Rising income and wealth inequality has eroded economic opportunity in America. The potential of education to overcome adversity and our collective belief in a fluid social structure continue to be hailed as evidence that everyone has access to a path out of poverty. Yet recent research findings make clear that our faith in the American Dream stands on very shaky ground. Indeed, it seems that our education system may be compounding, rather than countering, the disadvantages faced by millions of low-income children.
A recent New York Times article highlights the impact of growing economic stratification on achievement gaps in American schools. Citing the Russell Sage compendium Whither Opportunity?, the article explains how the overall increase in income inequality since the 1960s has had detrimental effects on the school performance and college completion rates of low-income students compared with their wealthier peers. This is backed by OECD and Pew Chartable Trusts findings that U.S. society is not only less mobile than most Americans believe, but less so than most of our Western counterparts.
Importantly, their research finds that student achievement in the United States is more closely linked to parental education and to socioeconomic status than is true in most European countries. Bestselling author Daniel Pink makes the point, too, in a recent blog post noting the tight correlation between family income and SAT scores.
While the heightened attention paid to education policy, exemplified by federal policies such as No Child Left Behind and Race to the Top, is a positive signal that the public and policymakers are eager to address the problems at hand, many of the "reforms" miss the mark. Yes, education is a way out of poverty -- but poverty is also a hindrance to education.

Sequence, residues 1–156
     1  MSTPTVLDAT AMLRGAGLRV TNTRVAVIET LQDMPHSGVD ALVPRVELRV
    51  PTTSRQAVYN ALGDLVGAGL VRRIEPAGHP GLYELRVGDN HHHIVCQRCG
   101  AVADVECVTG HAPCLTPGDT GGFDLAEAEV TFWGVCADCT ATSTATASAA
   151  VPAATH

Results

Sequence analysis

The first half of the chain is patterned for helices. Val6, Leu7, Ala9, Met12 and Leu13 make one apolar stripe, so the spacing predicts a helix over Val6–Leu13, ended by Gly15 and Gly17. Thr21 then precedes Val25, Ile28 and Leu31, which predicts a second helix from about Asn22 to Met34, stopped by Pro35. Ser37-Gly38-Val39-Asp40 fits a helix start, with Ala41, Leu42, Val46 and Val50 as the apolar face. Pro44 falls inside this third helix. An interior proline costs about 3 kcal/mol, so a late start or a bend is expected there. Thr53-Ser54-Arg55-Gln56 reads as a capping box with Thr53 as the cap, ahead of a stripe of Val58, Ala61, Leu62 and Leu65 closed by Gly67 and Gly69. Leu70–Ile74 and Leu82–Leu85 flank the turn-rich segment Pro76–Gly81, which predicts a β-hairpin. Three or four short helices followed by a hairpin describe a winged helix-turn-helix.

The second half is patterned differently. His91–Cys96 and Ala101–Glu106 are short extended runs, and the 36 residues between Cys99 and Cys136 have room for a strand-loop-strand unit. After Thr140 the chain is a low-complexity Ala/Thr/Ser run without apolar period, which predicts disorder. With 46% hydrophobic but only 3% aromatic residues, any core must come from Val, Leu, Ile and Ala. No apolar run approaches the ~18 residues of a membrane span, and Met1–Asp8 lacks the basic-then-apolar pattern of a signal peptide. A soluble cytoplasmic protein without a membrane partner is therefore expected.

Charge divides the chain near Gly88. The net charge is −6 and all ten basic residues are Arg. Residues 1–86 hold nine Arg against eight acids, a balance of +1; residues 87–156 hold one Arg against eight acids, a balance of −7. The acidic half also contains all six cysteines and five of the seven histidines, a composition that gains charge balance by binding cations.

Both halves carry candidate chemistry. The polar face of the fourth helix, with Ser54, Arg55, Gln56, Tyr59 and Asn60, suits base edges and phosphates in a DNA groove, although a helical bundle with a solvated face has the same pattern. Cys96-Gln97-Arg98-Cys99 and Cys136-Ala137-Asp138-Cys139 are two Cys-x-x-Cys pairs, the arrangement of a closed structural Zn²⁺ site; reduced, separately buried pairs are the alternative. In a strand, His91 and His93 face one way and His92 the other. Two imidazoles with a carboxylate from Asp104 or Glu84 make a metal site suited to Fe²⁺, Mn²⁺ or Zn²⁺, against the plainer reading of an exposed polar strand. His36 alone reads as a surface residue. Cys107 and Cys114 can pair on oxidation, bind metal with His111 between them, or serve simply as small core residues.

As such, addressing in-school factors in a vacuum -- with no consideration of the problems facing the wider community -- cannot do enough to improve educational outcomes or to narrow the achievement gap between low-income students and their wealthier peers. This makes sense: English-language-learners with non-English-speaking parents are more likely to struggle academically than those whose parents can help them read in English or complete homework assignments, regardless of the quality of their teachers. Children whose parents cannot afford to enroll them in preschool during critical early years or in afterschool and summer programs face added barriers to educational attainment. A student whose physical health is compromised by food insecurity or who is stressed from living in a violent or degraded environment is set back academically in ways that even great teachers cannot fully counter. As Jean Anyon has noted, trying to reform inner-city schools without improving conditions in their cities is like cleaning the air on one side of a screen door.
This reality should serve as a clarion call for policymakers looking to make a difference in American education. Researchers and educators have identified an array of initiatives that can alleviate poverty-related gaps and successfully improve low-income students' educational outcomes. First and foremost are measures to increase family income and well-being through improved employment outcomes and public benefits. Quality preschool programs, school-based health clinics, nutritional support programs, and afterschool and summer enrichment have all been shown to narrow income-based achievement gaps.
School reformers must embrace and incorporate into their efforts policies to attack poverty directly. This adds to the challenges they face, but it is truly essential -- and certainly not impossible. Doing so will ensure that education is truly a path towards prosperity and an antidote to rising economic inequality.